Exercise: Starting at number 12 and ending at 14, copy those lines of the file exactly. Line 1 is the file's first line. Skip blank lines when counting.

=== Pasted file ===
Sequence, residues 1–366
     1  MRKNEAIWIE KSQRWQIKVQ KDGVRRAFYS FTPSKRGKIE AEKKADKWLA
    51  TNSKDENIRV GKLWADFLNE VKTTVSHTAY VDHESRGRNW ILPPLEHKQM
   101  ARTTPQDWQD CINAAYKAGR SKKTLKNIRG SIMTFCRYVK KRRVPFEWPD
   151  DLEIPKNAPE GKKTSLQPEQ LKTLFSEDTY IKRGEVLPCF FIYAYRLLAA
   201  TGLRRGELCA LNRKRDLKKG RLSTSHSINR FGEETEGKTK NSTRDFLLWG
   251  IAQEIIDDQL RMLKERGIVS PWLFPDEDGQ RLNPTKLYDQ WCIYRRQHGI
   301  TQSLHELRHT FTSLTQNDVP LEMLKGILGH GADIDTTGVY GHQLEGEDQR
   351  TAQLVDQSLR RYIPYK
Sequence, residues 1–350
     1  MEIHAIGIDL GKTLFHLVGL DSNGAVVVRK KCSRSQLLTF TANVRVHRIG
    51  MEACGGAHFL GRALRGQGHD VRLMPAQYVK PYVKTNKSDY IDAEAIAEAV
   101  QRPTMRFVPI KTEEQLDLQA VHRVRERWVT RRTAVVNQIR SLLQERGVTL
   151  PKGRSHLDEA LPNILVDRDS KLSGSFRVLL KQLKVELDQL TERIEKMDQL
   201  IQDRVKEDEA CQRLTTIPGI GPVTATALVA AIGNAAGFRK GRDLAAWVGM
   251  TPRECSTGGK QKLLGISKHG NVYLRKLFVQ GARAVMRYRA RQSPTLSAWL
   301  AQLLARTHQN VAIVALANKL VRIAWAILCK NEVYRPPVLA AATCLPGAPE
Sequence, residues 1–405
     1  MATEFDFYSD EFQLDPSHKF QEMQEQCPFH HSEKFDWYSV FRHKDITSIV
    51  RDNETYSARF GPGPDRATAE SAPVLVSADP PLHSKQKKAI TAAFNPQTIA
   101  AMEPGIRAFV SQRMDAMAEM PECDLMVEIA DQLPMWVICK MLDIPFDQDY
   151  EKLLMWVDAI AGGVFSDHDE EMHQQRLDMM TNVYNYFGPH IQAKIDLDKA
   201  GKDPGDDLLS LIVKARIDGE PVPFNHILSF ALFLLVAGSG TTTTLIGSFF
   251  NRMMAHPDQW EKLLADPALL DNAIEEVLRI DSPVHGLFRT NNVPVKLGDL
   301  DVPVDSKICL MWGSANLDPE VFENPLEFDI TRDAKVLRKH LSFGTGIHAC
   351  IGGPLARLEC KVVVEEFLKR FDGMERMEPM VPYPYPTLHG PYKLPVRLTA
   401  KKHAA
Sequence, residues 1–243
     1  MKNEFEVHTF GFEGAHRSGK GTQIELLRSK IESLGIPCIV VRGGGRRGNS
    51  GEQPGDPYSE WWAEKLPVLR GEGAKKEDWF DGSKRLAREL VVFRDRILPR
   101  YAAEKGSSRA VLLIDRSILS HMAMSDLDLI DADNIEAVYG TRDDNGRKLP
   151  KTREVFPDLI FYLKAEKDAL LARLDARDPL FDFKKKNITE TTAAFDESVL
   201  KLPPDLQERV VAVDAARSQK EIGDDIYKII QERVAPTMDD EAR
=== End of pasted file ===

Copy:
    51  MEACGGAHFL GRALRGQGHD VRLMPAQYVK PYVKTNKSDY IDAEAIAEAV
   101  QRPTMRFVPI KTEEQLDLQA VHRVRERWVT RRTAVVNQIR SLLQERGVTL
   151  PKGRSHLDEA LPNILVDRDS KLSGSFRVLL KQLKVELDQL TERIEKMDQL